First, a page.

The big issue among business intelligence (BI) vendors is how to sell their BI products and services to corporate customers in our tight economy. Surveys show that IT projects are being eliminated unless they are absolutely necessary. Even when absolutely necessary, the projects are being deferred until just before they are required.
However, we all know that BI projects are recession-proof NOT! As with other IT projects, the fate of a BI project now depends solely on its business imperative, not its technological brilliance.
Over the past five years, managers of BI projects have had it easy. Executives have been driven to support BI from the raw frustration of fragmented and polluted data about their business. It is like driving a car through freezing rain and snow; you (the executive) will pay anything to keep the windshield clear.
The situation has changed in 2003. Who cares about the windshield when your car is disabled along the roadside? In 2003 more than ever, BI vendors must adopt a true solutions-sell approach, focusing solely on the business imperative for applying their BI technology. Continuing to push feature/function of their products is the recipe for disaster in 2003.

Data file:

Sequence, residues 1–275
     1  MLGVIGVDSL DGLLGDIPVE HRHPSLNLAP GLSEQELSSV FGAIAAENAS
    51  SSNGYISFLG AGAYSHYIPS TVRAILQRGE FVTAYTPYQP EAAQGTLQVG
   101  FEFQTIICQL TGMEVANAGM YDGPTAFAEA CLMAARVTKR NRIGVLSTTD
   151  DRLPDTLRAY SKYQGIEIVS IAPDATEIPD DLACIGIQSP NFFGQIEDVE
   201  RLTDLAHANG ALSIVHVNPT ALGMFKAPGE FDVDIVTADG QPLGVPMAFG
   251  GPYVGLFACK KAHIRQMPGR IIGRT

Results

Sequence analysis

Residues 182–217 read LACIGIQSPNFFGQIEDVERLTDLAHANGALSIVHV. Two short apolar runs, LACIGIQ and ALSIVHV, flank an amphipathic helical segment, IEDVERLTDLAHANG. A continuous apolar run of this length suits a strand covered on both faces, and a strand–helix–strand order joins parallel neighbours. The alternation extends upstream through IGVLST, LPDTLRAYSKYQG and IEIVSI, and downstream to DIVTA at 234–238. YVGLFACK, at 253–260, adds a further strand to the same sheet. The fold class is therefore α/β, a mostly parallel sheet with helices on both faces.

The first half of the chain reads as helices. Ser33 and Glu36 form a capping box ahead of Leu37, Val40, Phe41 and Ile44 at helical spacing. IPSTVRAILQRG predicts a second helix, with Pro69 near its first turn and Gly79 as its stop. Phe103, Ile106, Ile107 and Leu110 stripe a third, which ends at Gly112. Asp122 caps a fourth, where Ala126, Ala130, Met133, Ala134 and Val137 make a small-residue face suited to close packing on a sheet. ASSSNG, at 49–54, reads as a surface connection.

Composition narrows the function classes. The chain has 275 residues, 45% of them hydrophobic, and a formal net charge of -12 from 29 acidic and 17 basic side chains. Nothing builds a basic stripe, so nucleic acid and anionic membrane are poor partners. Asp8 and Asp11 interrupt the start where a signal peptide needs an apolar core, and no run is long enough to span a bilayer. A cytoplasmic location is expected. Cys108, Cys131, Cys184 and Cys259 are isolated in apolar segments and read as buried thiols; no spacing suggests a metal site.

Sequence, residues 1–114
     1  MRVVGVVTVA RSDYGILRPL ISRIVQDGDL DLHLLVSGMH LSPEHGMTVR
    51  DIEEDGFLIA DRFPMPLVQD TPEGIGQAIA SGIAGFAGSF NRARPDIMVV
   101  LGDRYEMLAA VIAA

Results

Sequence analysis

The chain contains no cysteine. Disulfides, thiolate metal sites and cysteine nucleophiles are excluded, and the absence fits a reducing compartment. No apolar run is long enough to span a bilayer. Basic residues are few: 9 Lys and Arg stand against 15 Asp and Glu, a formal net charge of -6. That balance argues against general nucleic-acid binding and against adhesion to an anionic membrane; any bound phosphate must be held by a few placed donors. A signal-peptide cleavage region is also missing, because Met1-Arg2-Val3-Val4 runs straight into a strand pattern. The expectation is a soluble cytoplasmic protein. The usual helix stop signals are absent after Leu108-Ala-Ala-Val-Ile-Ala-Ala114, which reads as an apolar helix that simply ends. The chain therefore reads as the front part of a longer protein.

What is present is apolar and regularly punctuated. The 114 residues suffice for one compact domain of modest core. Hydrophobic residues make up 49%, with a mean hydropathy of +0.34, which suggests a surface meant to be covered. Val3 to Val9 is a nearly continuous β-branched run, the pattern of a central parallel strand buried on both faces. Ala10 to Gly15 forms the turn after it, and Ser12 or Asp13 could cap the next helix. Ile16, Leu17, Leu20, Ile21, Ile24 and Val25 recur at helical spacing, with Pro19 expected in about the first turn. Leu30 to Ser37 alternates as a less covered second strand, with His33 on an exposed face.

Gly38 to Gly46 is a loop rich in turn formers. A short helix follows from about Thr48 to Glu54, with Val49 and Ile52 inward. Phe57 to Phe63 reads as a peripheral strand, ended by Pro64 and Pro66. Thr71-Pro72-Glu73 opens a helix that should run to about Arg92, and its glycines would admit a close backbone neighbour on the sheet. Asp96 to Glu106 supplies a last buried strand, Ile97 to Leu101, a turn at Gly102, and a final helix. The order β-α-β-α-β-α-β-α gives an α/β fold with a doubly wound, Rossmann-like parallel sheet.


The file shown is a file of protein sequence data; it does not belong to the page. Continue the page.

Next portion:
The Chasm Group has a provocative solutions-sell approach, which is called Provocation-Based Selling.1 Geoffrey Moore and associates (the folks who bought you Crossing the Chasm) have created another chasm for you. This chasm is about surviving as a vendor (IT, BI or whatever) over the next three years. If they are only 20-percent correct, we had better listen.
For provocation-based selling, the vendor must do the following:
Research the prospective company, and understand its business problem.
Secure a meeting with a key line-of-business executive through a personal referral.
Listen carefully to their definition of the business problem.
If the problem definitions match, pitch the "fix-your-leaking-profit-pipe" story.
Provoke the executive into action by a "sense of urgency" to fix the leak as quickly as possible. The solution is to apply your special "duct tape" to fix a specific leak.
If the executive bites, ask for an open door to investigate the leak and eventually to apply your special duct tape.
What is right and wrong with this approach?
On a scale of one to 10 (10 being the best), I give the "leaking pipe" analogy as a focus a 10. It implies that there is currently revenue flowing and that part of the profit margin is being wasted every minute of every day. There is a stop-the-pain sense of urgency with the constant dripping of corporate waste. It maps nicely into the value chain paradigm. It has a balanced perspective on revenue increases and expense reductions, which both impact profit margins. It is an ROI argument, but a specific one where tangible payback in real dollars should occur from day one. Additionally, one should be able to measure the actual benefit from fixing the leak.